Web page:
MAC typically presents as a smooth dermal nodule or plaque that displays a flesh-colored or yellow hue.
Chicago - Even though it is considered uncommon among skin carcinomas, dermatologic surgeons should keep microcystic adnexal carcinoma (MAC) in the back of their minds as a possible diagnosis to ensure correct and timely treatment, according to Allison T. Vidimos, R.Ph., M.D., at the American Academy of Dermatology's Academy '05.
"If the clinician doesn't clinically suspect MAC and he/she does not perform a deep enough biopsy, the dermatopathologist won't see the features that are characteristic of the tumor," says Dr. Vidimos, chairman and staff physician, department of dermatology, at the Cleveland Clinic Foundation. "The pathologist may only see the superficial histologic features that can often look benign, and be interpreted as a syringoma or other adnexal neoplasm.
"If a MAC is not treated appropriately the first time and is allowed to recur, this may lead to extensive surgery and possible local or distant metastases," she says.
Because MAC can be very aggressive in its growth pattern, the clinician should recognize the clinical appearance and the most common locations of this tumor. MAC typically presents as a smooth dermal nodule or plaque that displays a flesh-colored or yellow hue. The average size at presentation is 2 cm. This tumor most frequently occurs on the upper lip, cheek and periorbital skin, but has also been found in the axilla and on the scalp, ear, trunk and buttocks. MAC typically occurs in patients ages 50 to 70, but may also occur in children.
Clinically, MAC tumors are often misdiagnosed as basal cell carcinoma, squamous cell carcinoma, cysts, adnexal tumors or scars, Dr. Vidimos explains. Histologically, the tumors are frequently misinterpreted as morpheaform basal cell carcinomas, desmoplastic squamous cell carcinomas, desmoplastic trichoepitheliomas, syringomas, trichoadenomas, eccrine carcinomas or metastatic breast carcinoma. Misdiagnoses are frequently due to inadequate biopsies.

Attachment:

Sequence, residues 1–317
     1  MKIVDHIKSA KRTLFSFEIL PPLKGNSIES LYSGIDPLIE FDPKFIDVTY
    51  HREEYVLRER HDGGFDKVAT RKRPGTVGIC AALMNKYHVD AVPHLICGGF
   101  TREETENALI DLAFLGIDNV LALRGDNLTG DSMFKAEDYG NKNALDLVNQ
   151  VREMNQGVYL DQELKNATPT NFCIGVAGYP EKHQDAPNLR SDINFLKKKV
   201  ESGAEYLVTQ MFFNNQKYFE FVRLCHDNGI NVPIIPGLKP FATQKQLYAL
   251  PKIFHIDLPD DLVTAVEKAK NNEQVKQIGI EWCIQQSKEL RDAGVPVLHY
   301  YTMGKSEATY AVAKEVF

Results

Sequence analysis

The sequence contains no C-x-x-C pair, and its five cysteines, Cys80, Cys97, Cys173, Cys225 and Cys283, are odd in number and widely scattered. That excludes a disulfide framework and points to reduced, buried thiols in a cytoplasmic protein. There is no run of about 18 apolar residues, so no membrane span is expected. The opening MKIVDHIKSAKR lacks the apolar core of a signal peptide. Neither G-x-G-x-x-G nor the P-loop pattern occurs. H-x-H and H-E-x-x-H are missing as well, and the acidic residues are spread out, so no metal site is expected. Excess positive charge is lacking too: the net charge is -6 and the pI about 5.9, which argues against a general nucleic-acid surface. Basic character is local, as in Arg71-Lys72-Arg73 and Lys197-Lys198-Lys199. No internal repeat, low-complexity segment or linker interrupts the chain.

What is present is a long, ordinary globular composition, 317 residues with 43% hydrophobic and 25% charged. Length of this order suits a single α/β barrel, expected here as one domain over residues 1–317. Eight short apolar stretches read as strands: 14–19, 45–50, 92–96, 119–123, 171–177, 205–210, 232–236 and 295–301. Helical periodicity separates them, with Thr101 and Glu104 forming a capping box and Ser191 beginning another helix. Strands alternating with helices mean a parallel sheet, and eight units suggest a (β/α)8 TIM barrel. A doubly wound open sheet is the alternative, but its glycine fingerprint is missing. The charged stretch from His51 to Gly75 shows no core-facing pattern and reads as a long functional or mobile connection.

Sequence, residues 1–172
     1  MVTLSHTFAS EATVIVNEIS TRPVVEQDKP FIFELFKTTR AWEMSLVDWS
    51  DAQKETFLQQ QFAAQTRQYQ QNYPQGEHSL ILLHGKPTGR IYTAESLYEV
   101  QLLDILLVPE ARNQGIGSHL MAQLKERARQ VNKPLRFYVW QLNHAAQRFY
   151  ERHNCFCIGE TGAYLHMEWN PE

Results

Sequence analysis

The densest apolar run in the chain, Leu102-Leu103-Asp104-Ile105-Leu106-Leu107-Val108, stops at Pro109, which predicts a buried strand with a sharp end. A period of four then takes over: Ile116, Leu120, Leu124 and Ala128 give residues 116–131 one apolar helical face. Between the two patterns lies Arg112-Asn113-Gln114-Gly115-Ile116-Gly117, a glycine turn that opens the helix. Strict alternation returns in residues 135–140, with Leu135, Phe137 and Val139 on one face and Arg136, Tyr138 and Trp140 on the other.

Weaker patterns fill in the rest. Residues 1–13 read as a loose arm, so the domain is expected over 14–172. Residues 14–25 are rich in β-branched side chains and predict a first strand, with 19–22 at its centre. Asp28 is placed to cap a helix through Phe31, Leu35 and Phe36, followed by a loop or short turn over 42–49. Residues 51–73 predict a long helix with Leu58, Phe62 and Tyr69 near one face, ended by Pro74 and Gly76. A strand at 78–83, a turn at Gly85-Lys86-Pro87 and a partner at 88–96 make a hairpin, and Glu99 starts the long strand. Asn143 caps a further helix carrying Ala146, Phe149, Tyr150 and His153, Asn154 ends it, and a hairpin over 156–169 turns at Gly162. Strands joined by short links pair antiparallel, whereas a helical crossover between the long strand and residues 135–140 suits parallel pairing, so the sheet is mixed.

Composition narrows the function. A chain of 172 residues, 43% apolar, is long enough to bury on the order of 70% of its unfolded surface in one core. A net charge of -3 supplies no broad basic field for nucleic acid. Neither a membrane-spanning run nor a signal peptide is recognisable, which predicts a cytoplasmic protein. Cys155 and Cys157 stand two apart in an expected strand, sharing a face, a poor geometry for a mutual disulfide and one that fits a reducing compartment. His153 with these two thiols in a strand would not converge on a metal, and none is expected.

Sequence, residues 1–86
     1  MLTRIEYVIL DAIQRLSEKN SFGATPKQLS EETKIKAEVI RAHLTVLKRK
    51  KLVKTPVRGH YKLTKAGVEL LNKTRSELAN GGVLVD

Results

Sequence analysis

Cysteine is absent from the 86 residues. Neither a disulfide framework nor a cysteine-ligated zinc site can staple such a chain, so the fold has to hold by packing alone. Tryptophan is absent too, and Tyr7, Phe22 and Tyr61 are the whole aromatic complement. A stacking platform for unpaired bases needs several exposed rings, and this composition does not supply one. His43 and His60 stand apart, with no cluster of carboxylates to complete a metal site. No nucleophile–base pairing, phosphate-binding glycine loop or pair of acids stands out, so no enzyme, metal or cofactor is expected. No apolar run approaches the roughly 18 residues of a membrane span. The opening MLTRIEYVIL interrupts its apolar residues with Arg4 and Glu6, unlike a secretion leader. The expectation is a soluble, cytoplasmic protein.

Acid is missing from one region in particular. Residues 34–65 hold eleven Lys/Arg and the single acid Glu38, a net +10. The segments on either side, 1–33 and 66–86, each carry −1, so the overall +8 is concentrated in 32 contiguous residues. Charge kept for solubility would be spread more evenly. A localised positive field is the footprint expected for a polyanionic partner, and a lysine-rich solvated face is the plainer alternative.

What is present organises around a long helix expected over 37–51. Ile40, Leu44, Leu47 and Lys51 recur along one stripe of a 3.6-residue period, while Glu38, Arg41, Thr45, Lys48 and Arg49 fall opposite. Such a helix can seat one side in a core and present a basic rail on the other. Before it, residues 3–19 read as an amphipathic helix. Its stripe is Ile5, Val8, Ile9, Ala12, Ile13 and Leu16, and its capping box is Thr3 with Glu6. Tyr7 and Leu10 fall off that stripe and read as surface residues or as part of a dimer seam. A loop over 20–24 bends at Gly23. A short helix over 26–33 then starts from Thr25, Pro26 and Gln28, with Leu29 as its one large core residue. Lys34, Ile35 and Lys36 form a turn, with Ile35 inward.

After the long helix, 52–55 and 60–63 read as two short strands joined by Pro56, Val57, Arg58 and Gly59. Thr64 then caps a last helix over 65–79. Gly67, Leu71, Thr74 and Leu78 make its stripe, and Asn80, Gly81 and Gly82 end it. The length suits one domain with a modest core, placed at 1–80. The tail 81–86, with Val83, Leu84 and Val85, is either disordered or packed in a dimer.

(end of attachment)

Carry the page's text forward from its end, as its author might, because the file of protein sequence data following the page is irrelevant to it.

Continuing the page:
"It is vital to perform a biopsy of adequate depth to aid the dermatopathologist in arriving at the correct diagnosis," Dr. Vidimos says. "A superficial shave biopsy is usually not adequate, and a punch biopsy should go to the subcutaneous fat to demonstrate the overall architecture, invasiveness and characteristic histologic findings."
The clinician should also provide a good clinical description and differential diagnosis list to the pathologist.
Case in point
An autopsy of a 73-year-old woman with a facial MAC present for over 20 years revealed perineural intracranial spread along the optic nerve. Metastases were also found in her clavicle, ribs and liver (Ohta M, Hiramoto M, Ohtsuka H. Dermatol Surg. 2004:957-960).
"MAC tends to spread along nerves, and in this particular case, it actually grew along the optic nerve and spread to the subdural space, as well as via a hematogenous route to distant sites," Dr. Vidimos says. "Interestingly, the subject did not die from the metastatic MAC, but from pneumonia."
Microcystic adnexal carcinomas may display intramuscular, perichondrial and periosteal involvement as well as permeation of vascular adventitia. The tumor also shows "shelving" or "skating" features along fascial or capsular planes, such as muscle, galea, perichondrium or periosteum, with bony invasion and perineural spread. The potential for local invasion was shown in a case of a 51-year-old woman with MAC of the lower lip that extended through her mental and inferior alveolar nerves into the ramus of the mandible, with bone marrow replacement by tumor cells (Birkby CS, Argenyi ZB, Whitaker DC. J Dermatol Surg Oncol. 1989;15:308-312).
Timely, appropriate treatment
While the occurrence of MAC tumors is relatively rare, with only 17 cases seen by Dr. Vidimos and her Mohs surgery colleagues at the Cleveland Clinic from 1987 to 2003, proper treatment remains central to controlling these tumors.